Kenchinjiru vs Tonjiru: Similar Japanese Soup Dishes

In Japanese cuisine, there are some similar soups, which sometimes look just like the same kind, so many people can’t clearly tell the difference.

If I give a representative example of such Japanese soup dishes, what comes to my mind right away is “Tonjiru (豚汁)” and “Kenchinjiru (けんちん汁)”.

The Difference: Ton-Jiru vs Kenchin-Jiru

Ton-Jiru and Kenchin-Jiru are both popular soup dishes in Japanese cuisine, but what is the definition of each? Today, I will talk about that.

TonJiru (豚汁)

Tonjiru Japanese Pork Soup

The name of the Japanese soup dish, Tonjiru is made up of 2 words, “ton (豚)” which refers to “pork”, and “jiru (汁)”, the Japanese word for “soup”. As this indicates, the main ingredient in Tonjiru is pork.

Specifically, pork belly slices are usually prepared for the traditional Japanese soup and other typical ingredients include burdock root, carrot, konnyaku, daikon radish, and chopped green onions.

However, the vegetables used in Tonjiru vary depending on the region and each household, but the Japanese pork soup is definitely seasoned with miso fermented soybean paste.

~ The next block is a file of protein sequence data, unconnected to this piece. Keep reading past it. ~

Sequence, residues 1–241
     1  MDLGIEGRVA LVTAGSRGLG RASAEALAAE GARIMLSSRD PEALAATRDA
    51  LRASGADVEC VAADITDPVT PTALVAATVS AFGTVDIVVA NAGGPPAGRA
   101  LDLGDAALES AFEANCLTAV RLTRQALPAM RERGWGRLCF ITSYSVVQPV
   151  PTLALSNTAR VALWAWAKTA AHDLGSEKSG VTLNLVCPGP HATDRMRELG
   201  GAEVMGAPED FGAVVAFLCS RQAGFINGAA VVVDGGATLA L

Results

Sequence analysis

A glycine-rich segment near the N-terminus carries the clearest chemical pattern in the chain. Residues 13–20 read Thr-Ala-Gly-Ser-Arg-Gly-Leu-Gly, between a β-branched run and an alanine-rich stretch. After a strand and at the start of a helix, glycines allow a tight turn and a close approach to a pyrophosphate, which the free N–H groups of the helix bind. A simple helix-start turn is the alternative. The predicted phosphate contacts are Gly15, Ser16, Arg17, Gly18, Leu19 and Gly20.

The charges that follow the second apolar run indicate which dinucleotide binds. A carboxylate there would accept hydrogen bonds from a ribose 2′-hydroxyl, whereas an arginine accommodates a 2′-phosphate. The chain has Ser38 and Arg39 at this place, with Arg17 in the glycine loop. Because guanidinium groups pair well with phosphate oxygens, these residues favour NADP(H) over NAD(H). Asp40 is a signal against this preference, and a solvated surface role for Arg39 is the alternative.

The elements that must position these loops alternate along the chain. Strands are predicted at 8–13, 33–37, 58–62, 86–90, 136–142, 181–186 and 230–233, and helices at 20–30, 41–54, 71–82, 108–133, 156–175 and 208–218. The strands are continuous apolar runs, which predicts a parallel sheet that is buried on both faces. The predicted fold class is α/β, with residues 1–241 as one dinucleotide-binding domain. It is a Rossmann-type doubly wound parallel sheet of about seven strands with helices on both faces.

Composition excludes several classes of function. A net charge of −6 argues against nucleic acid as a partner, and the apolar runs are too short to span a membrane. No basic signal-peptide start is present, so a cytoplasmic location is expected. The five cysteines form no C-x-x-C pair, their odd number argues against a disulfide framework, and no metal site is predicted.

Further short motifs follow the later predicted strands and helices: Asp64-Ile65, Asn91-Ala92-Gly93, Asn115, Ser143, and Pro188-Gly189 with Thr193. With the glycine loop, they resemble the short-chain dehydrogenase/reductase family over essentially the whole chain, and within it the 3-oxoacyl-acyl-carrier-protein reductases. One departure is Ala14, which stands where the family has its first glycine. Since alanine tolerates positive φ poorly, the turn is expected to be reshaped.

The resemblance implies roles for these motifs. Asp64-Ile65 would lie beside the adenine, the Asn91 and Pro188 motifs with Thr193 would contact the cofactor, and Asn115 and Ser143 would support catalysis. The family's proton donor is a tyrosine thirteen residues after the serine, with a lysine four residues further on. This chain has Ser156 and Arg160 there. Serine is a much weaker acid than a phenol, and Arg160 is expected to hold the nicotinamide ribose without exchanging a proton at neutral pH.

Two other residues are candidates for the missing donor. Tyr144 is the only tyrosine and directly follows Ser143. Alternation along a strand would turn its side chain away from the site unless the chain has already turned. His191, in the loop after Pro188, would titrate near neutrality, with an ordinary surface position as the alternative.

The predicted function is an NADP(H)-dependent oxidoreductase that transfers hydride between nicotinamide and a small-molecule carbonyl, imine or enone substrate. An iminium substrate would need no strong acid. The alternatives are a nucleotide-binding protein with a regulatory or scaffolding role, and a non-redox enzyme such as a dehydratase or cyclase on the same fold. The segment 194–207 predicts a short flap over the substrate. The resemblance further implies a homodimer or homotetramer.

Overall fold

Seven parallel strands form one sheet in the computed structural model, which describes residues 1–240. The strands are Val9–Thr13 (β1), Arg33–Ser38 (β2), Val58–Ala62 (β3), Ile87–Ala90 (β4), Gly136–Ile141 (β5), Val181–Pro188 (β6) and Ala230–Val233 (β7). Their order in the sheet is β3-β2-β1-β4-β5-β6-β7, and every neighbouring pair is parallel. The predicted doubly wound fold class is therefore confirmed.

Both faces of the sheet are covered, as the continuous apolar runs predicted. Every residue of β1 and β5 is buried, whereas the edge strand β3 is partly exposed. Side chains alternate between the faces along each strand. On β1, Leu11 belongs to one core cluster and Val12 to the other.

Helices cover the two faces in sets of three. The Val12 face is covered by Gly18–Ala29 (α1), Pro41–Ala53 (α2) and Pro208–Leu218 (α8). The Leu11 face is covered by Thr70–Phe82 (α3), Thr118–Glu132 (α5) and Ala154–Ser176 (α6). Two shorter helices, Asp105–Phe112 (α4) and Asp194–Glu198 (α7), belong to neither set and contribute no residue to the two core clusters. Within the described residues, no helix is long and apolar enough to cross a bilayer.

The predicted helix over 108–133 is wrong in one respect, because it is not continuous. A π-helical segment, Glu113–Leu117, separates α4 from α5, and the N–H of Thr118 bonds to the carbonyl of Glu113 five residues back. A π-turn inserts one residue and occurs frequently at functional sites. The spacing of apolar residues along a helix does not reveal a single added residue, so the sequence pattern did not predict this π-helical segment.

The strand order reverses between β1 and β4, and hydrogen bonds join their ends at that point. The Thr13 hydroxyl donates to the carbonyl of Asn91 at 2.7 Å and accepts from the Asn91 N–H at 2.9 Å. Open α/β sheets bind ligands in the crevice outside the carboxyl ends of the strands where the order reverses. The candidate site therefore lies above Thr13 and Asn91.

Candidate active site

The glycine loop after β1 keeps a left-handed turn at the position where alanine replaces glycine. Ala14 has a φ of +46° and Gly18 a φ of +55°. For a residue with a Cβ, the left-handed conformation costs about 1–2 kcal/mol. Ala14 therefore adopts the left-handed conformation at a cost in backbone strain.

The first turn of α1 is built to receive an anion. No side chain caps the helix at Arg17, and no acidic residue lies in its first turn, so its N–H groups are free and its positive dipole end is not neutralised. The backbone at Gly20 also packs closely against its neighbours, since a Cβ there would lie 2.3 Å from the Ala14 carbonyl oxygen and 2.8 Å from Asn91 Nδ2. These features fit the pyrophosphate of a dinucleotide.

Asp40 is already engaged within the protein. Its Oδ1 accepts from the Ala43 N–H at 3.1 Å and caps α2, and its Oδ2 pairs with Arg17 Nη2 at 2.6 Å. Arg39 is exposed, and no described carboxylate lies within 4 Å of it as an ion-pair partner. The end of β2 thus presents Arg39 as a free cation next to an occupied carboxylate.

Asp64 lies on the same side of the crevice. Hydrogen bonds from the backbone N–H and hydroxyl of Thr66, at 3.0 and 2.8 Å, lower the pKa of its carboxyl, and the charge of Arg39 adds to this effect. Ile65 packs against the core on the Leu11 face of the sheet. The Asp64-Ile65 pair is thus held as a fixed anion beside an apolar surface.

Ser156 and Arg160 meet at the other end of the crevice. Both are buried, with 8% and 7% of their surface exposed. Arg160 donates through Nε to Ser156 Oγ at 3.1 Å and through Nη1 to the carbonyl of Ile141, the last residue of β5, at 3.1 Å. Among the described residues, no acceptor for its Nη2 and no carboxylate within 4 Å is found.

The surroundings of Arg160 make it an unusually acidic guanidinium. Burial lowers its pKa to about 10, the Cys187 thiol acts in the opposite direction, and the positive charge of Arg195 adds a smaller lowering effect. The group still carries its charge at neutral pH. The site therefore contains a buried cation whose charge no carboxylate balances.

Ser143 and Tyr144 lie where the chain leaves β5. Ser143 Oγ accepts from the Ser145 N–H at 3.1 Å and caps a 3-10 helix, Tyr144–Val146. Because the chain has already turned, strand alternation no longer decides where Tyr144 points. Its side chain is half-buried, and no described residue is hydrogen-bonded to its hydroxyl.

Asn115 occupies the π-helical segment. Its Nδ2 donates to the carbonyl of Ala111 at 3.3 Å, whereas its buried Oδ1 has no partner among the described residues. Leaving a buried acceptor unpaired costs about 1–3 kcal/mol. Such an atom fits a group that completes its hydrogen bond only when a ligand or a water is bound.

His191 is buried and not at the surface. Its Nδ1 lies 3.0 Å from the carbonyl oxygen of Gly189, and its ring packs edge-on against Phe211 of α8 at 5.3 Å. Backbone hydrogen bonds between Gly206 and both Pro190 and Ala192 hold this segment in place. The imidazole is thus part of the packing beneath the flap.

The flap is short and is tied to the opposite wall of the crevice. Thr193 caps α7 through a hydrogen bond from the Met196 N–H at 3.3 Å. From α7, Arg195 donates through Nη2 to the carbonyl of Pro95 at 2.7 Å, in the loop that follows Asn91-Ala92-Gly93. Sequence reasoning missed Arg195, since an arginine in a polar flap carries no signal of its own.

KenchinJiru (けんちん汁)

Kenchinjiru Soup

On the other hand, Kenchinjiru has its roots in “Shojin Ryori (精進料理)”, the vegetarian diet eaten at Japanese Buddhist temples.

Therefore, Kenchinjiru is originally made without using meat. Besides, even using fish dashi stock (e.g. Katsuobushi (bonito flakes) or Niboshi (dried young sardines) is not allowed. Instead, the Kombu seaweed and Shiitake mushroom are substituted for them.

In the cooking, first, vegetables are stir-fried with some sesame oil, then soup stock is added and simmered, and last, the vegetable soup is seasoned with soy sauce. By the way, typical vegetables used in Kenchinjiru are daikon radish, carrot, burdock root, taro, konnyaku, and tofu.

Miso-Based Kenchinjiru Soup with Pork Bits

However, in modern times, the ingredient used in Kenchinjiru varies depending on the region and each household, and besides, the soup is sometimes flavored with miso and may contain pork bits, just like Tonjiru.

Since the Tonjiru-like Kenchinjiru actually exists and is sometimes served in restaurants, many people can’t clearly tell how Kenchinjiru differs from Tonjiru soup.

(Reference Pages: Wikipedia 豚汁, けんちん汁 )


Hi, I'm Tomo, a Japanese blogger living in Niigata Prefecture, Japan. For the purpose of enriching your life, I would like to introduce things about Japan on this blog, especially unique Japanese products, cooking recipes, cultures, and facts and trivia.

Leave a Reply

Your email address will not be published.

This site uses Akismet to reduce spam. Learn how your comment data is processed.

%d bloggers like this: